Largest-ever DDoS strike rocks CLOUDFLARE -- China's censors to enlist MICROSOFT? -- KLOUT scores $100M -- ALIBABA coming to America -- TWITTER apes Facebook


February 12, 2014 06:00 PST | 09:00 EST | 14:00 UTC

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>> GOING NUCLEAR: Biggest DDoS ever aimed at Cloudflare's content delivery network, by Sean Gallagher: "A distributed denial-of-service attack targeting a client of the content delivery network Cloudflare reached new highs in malicious traffic today, striking at the company's data centers in Europe and the US. According to a Twitter post by Cloudflare CEO Matthew Prince, the full volume of the attack exceeded 400 gigabits per second--making it the largest DDoS attack ever recorded. The attack used Network Time Protocol (NTP) reflection, the same technique used in recent attacks against gaming sites by a group called DERP Trolling. NTP is used to synchronize the time settings on computers across the Internet. The attack made fraudulent synchronization requests to NTP servers that caused them to send a flood of replies back at the targeted sites." Ars Technica

>> STRANGE BEDFELLOWS: Microsoft Bing censoring Chinese language search results for users in the US, by Dominic Rushe: "English and Chinese language queries for terms such as 'Dalai Lama' return radically different results on Microsoft search engine... Google, by contrast, generates broadly similar results for both English and Chinese searches." The Guardian

> Microsoft denies claims that it scrubs Chinese-language Bing searches The Register

>> ACHILLES' HEEL: Hacked X-rays could slip guns past airport security, by Kim Zetter: "Could a threat-simulation feature found in airport x-ray machines around the country be subverted to mask weapons or other contraband hidden in a traveler's carry-on? The answer is yes, according to two security researchers with a history of discovering flaws in critical systems, who purchased their own x-ray control machine online and spent months analyzing its inner workings. The researchers, Billy Rios and Terry McCorkle, say the so-called Threat Image Projection function could someday backfire. The feature is designed to train x-ray operators, and to periodically test their proficiency at spotting banned items. It allows supervisors to superimpose a chosen image of contraband onto the screen of any baggage system in the airport. That same capability would allow someone with access to the airport supervisor's workstation to superimpose a harmless image of socks or underwear over an x-ray scan that would otherwise reveal a weapon or explosive." Wired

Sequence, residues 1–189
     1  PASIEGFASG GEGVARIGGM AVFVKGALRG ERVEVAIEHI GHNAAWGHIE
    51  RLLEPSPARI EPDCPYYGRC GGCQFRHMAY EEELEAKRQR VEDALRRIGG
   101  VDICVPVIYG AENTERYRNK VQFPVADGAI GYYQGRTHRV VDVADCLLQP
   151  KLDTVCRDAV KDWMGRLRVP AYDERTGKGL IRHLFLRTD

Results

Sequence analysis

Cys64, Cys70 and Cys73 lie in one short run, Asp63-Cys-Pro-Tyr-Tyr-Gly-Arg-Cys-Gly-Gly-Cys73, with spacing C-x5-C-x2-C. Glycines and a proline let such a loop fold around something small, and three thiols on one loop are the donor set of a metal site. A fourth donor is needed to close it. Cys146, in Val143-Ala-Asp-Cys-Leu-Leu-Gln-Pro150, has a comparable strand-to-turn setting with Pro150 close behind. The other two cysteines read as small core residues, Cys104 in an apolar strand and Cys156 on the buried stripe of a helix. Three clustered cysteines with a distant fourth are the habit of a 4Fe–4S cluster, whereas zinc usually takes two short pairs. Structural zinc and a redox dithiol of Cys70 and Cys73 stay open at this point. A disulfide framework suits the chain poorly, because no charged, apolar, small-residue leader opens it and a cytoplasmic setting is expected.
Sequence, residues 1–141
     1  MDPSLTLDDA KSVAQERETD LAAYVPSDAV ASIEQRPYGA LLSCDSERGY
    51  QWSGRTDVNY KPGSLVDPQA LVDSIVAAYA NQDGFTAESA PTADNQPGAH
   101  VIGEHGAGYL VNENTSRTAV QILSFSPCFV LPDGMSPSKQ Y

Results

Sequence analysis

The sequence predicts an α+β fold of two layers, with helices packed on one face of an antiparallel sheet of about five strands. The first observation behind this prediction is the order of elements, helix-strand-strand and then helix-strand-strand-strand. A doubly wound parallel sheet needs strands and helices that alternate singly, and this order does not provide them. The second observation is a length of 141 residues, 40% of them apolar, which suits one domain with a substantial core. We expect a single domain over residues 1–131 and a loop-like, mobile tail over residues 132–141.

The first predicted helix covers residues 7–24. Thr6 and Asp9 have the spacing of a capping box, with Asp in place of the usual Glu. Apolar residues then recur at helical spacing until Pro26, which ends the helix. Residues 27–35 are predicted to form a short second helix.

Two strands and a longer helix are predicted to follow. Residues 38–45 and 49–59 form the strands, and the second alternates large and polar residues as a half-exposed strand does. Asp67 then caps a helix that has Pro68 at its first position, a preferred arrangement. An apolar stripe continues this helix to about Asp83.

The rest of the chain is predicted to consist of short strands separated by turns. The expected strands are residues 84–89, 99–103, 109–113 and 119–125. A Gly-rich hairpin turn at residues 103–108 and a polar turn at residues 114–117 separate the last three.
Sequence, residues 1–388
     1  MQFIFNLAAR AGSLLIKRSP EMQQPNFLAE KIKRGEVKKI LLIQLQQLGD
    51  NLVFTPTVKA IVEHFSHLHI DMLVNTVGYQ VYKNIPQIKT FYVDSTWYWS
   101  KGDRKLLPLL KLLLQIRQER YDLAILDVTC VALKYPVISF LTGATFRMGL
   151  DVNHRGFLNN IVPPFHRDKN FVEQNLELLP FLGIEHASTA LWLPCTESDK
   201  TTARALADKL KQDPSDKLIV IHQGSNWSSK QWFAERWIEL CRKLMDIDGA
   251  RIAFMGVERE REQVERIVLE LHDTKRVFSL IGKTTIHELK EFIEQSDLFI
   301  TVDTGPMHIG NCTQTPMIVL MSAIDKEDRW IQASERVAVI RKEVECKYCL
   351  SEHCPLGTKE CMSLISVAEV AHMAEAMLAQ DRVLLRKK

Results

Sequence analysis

>> MONEY SHOT (SCORE 100): Lithium Technologies to acquire Klout, by Liz Gannes, Kara Swisher: "The deal is signed but not closed... while the numbers are fuzzy given they account for a mix of cash and Lithium private stock, the acquisition is... at least $100 million. It's a dead-on fit in terms of topic focus for the two companies, but it's also a save for San Francisco-based Klout... Lithium provides social customer experience management software for the enterprise... Klout's business focuses on analyzing who is influential in social media, which is simplified into a score on a scale of 100." Re/code

> Klout, the Mashable of social influence measurement, gets acquired: What I think this means for social business Marshall Kirkpatrick

> Yahoo acquires social diary company Wander for a price over $10M TechCrunch >> COMING ATTRACTIONS: Alibaba backs new e-commerce site 11 Main, big US splash still to come, by Jason Del Rey: "Alibaba Group confirmed on Tuesday that two of its subsidiaries are creating a new U.S. e-commerce site called 11 Main, which will be a marketplace for local merchants to sell their goods online. The upcoming launch marks the latest signal that the massive Chinese Internet company is preparing a big splash in the U.S. online retail market... It is being jointly created by Auctiva and Vendio, two startups that Alibaba's business division acquired in 2010. Both of those companies have a history of helping business owners sell their wares in online marketplaces." Re/code